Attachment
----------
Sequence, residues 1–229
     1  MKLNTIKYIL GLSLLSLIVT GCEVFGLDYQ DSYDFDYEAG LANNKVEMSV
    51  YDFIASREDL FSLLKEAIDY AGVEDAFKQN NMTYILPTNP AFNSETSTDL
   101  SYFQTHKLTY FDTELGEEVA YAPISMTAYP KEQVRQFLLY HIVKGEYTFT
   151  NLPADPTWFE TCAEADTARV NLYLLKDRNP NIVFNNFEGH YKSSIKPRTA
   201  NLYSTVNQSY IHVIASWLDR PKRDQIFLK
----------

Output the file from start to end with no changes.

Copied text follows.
Sequence, residues 1–229
     1  MKLNTIKYIL GLSLLSLIVT GCEVFGLDYQ DSYDFDYEAG LANNKVEMSV
    51  YDFIASREDL FSLLKEAIDY AGVEDAFKQN NMTYILPTNP AFNSETSTDL
   101  SYFQTHKLTY FDTELGEEVA YAPISMTAYP KEQVRQFLLY HIVKGEYTFT
   151  NLPADPTWFE TCAEADTARV NLYLLKDRNP NIVFNNFEGH YKSSIKPRTA
   201  NLYSTVNQSY IHVIASWLDR PKRDQIFLK